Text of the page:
Wednesday, February 25, 2015

Resources in Will Wonders Never Cease

I've enjoyed reading my classmates' opinions of Doug Thayer's Will Wonders Never Cease. They've noticed several themes in the book and how they relate to other books we've read in our class. Another motif I noticed in the book is that of using and appreciating one's blessings and resources. 

At the novel's start, Kyle spends most of his brainpower whining to himself about pretty much everything--how strict and strange his mom is, how much he hates school, and all the stuff he'd like to have but doesn't. After finding himself buried in the avalanche, however, Kyle has to take an inventory in several ways. 

Physically, Kyle finds and uses everything from orange peels to empty soda cans to keep himself alive. Emotionally, he takes time to acknowledge and deal with his grief over his older brother's death. Spiritually, he ponders what he's been taught about the Gospel his entire life and reaches out to God and his deceased grandfather. For the first time, he realizes how much he has and chooses to use it. This changes him in a realistic and profound way.

This theme of finding and using your talents and resources also shows up in other works we've read in our class. In Dispirited, the protagonist learns she can talk to the spirit of her stepbrother and works to help him. Similarly, the protagonist in Seventh Son finds he has powers and hones them. The LDS faith focuses a lot on our spiritual gifts--talents God has blessed us with--and how they can help us improve the world around us. So it's little surprise that this idea shows up in so much LDS fiction. As well as LDS lives.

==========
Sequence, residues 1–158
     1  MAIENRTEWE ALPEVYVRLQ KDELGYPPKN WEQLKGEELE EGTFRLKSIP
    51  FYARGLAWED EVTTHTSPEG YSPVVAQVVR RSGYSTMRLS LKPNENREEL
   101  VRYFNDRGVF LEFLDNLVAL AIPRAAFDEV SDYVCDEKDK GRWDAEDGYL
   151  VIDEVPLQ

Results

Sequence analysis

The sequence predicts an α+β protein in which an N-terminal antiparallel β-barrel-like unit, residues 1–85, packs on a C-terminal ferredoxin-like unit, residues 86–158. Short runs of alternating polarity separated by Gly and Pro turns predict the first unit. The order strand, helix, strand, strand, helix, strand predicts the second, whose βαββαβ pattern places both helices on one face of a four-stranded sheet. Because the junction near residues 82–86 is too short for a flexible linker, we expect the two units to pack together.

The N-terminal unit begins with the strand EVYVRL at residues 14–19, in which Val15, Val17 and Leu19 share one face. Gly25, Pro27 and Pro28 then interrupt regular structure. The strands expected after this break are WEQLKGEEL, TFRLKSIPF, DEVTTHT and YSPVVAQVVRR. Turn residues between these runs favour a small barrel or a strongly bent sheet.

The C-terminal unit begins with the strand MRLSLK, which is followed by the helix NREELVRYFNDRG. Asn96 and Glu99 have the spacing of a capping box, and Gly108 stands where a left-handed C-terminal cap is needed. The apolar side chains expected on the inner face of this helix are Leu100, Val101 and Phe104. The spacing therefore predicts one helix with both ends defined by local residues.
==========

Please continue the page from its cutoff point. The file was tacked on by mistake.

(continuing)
1. I like the theme of spiritual gifts too. Sometimes people struggle with the church because they feel a lack of individuality inside the church, but focusing on our spiritual gifts helps us realize how different (and therefore ready to work together) we are.

  2. I think that spiritual gifts is an important theme for LDS authors to highlight--if the reader is reading the book properly, then they can reflect upon their own spiritual gifts. Like Valerie said, it's important to realize our differences in order to figure out what we can do and what we can handle. Obviously the trial of being stuck in an avalanche is a big one, but that isn't my trial (knock on wood) because I don't have the gifts and skills to handle that. Whereas Kyle (however fictional he is) did have those gifts and was therefore "given" that trial.

    That got a little wordy, but hopefully you get my point. Basically, good observation and takeaway.

  3. That's a really cool connection. I wouldn't have thought about that, but there has been a lot of talk about spiritual gifts among many of the Mormon authors we've read. I wonder if that would be a connecting theme to other religions at all, or if that is mostly a theme explored by Mormon authors?